Sunday, January 11, 2009

Corrugated construction

Visiting Louisiana, I was surprised at the number of respectable houses in upscale neighborhoods with corrugated steel roofs. Lasts longer in a wet, semi-tropical climate, my Sson explained; "eminently practical." Not so, here in the egalitarian west, where corrugated says shed, unless it's on a river bottom tar paper shack.

Certainly the case here in Prescott, where there's a fair amount of corrugated iron to be seen if (and only if) you occasionally prowl the alleys as I do. Some in good shape, some that has seen much better days.

Corrugated iron was good enough for older garages or workshops, though the desert dew really brings out the inherent rust.

Of course, these old-fashioned iron structures are a photographer's delight. Not just the rust, but also a good dose of paint, peeling artistically.

Not to overlook the pattern possibilities of all those parallel dark and light lines. One of these days, I'll show you some of the Louisiana corrugated.

8 comments:

Antipodean Curmudgeon said...

Up until the eighties, ceramic or concrete tiles were de riguer for roofs in most of Auzzie. The advent of zinc-alum and/or colourbond corregated iron came to the fore (our humble abode included). Now it is dead common. It is installed with 2'' fibreglass insulation underneath, so tin roof 'drumming' by rain is eliminated. My shed recently was re-roofed with iron--replacing its asbestos predecessor.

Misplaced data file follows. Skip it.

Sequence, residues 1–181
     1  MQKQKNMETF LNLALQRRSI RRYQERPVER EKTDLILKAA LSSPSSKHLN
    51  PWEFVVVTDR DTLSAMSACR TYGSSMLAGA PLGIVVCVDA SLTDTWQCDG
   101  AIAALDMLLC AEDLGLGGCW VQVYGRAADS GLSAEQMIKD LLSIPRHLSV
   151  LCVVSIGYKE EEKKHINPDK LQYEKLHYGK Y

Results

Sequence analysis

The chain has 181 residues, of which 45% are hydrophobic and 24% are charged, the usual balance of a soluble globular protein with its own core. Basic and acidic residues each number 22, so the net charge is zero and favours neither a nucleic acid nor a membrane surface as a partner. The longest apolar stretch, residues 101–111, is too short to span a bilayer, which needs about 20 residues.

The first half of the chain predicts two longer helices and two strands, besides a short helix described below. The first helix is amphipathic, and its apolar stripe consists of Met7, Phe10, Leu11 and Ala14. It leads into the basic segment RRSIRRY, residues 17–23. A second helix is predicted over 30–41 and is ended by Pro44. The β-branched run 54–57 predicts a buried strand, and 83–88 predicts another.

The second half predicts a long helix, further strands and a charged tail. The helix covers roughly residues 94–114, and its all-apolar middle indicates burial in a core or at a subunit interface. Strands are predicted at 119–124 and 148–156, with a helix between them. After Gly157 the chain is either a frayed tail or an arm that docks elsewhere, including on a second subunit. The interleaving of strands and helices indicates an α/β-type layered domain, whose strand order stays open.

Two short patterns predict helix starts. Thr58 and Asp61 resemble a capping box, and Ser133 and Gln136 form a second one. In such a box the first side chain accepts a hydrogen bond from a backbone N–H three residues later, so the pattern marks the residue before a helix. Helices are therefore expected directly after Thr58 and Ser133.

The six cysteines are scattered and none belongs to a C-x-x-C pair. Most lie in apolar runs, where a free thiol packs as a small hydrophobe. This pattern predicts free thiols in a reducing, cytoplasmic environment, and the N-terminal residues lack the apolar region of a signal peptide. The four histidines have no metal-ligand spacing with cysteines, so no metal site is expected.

Hermano

Hyde DP said...

a great essay on the photogenic properties of corrugated iron.

azlaydey said...

Your photos and writings help others to look at things in this world with a different perspective.......Thank you

Granny J said...

bro -- that's all stuff that I really didn't know about roofs! Thanks for the intel.

hyde -- corrugated is such an interesting subject, as an exercise in engineering, as a building material and, of course, as a photo subject. Believe it or not, I've been fascinated with it since I was a little kid.

azlaydey -- as somebody once said, to me, "you have a funny way of looking at things..."

dagnygromer said...

We have an old shed on our property that had a corrugated roof (hey, it was there when we bought the place). No more, it was blown off by the heavy windstorms we had earlier this winter. We replaced it with plywwood, roofing felt, and rolled roofing.

Granny J said...

I've noticed that one standard way to save flat top corrugated roofs from the winds is old tires... Not the sort of thing that neighbors would appreciate...

rd said...

One of my favorite things: the sound of rain on a tin roof.

Granny J said...

rd -- it is a wonderful sound, at least in the Land of Little Rain. I sleep under a "cathederal" ceiling that is built into the side of a hill -- so I hear not only the rain, but also the javelina as they frolic on moonlit nights.

 
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